Identifying Predominant Polarity May Be Key to Tailoring Bipolar Disorder Treatment

Multiple exposure image of a woman smiling and looking unhappy.
In patients with bipolar disorder and no predominant polarity, the onset of illness occurred earlier and the duration of the illness was longer, with more hypomanic/manic and depressive episodes.

The clinical characteristics associated with the presence or absence of predominant polarity (PP) in patients with bipolar disorder are significant enough to justify the need for differential treatment, according to study data published in the Journal of Affective Disorders.

Investigators conducted an observational study with the Clinical Outcome and Psycho-Education for Bipolar Disorder, Clinical Outcome Measures Section (COPE-BD) dataset to identify differences in treatment strategies for patients with and without PP. The COPE-BD cohort enrolled patients with bipolar disorder type I, bipolar disorder type II, and major depressive disorder to assess the utility of a software program (COPE.COM for Bipolar Disorder) in mood disorder management. The present analyses only used data from patients with bipolar disorder type I or type II. Per COPE-BD protocol, demographic and clinical variables were assessed at baseline. Predominant polarity was described per the “≥2:1” criterion: To have a predominant pole, patients must have had at least double the number of episodes of one pole compared with the other pole.

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The final sample comprised 210 patients with bipolar disorder type I (59.0%) and 146 patients with bipolar disorder type II (41.0%). Among these individuals, 103 (28.9%) presented with predominant polarity: 62 (17.4%) were depressed polarity predominant (DPP) and 41 were manic polarity predominant (MPP). The remaining 253 (71.1%) patients met criteria for bipolar disorder but did not present with a predominant pole.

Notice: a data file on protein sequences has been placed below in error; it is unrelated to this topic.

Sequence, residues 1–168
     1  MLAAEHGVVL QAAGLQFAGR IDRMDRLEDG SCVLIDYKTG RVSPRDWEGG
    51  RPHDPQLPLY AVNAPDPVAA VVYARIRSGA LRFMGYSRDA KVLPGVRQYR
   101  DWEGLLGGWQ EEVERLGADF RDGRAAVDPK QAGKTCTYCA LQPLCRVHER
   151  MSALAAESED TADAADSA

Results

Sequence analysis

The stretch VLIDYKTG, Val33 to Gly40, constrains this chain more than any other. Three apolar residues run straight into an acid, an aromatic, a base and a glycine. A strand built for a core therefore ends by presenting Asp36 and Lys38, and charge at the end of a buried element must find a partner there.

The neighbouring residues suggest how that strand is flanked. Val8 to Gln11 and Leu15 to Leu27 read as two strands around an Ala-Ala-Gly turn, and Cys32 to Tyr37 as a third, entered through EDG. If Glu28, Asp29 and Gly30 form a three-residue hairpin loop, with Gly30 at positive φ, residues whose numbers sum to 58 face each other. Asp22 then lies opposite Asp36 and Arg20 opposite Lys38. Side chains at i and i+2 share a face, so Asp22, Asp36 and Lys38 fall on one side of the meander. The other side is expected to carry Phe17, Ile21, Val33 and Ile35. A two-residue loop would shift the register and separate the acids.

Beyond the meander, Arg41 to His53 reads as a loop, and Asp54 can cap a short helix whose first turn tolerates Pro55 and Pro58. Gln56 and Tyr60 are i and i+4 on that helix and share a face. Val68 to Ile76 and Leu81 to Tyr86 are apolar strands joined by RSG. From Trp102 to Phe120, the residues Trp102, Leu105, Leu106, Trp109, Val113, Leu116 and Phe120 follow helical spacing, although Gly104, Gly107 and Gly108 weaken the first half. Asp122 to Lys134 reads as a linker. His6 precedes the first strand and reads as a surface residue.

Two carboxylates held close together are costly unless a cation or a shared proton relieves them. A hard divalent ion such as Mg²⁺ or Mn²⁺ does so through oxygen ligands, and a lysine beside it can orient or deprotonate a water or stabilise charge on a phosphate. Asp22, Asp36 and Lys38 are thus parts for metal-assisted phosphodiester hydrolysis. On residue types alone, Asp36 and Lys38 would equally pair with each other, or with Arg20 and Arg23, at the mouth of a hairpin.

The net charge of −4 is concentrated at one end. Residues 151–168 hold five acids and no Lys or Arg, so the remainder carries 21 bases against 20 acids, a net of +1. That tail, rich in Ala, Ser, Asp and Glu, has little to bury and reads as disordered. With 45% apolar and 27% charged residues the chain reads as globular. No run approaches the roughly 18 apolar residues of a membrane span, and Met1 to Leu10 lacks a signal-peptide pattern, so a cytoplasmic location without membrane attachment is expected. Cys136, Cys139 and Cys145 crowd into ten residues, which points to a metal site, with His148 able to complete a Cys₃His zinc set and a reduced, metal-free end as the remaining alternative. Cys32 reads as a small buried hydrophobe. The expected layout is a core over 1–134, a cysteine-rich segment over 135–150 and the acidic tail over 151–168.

Compared with those with undetermined polarity, patients with PP experienced more rapid cycling (P <.001). Further, DPP patients experienced more rapid cycling (P <.001), presented with greater anxiety scores on the Hamilton Depression Rating Scales (P =.09, average), and had longer hospitalizations (P =.05) compared with MPP patients. However, MPP patients had a longer illness duration compared with DPP patients (28.00 vs 23.02; P =.08). Patients without PP had an earlier onset of illness (19.96 vs 23.39 years of age; P =.03) and more frequent hypomanic/manic and depressive episodes (both P <.001) compared with patients who met the criteria for PP. Other demographic and clinical variables were not significant between patient diagnostic groups.

The study was limited by its naturalistic and retrospective design, and it did not allow a specific follow-up of polarity over time.

These data suggest a significant difference in clinical variables based on the presence of PP in patients with bipolar disorder. As such, a differential treatment approach may better accommodate the specific symptom profiles of each predominant polarity, although further research is necessary to confirm these findings.


Sentissi O, Popovic D, Moeglin C, et al. Predominant polarity in bipolar disorder patients: the COPE bipolar sample. J Affect Disord. 2019;250:43-50.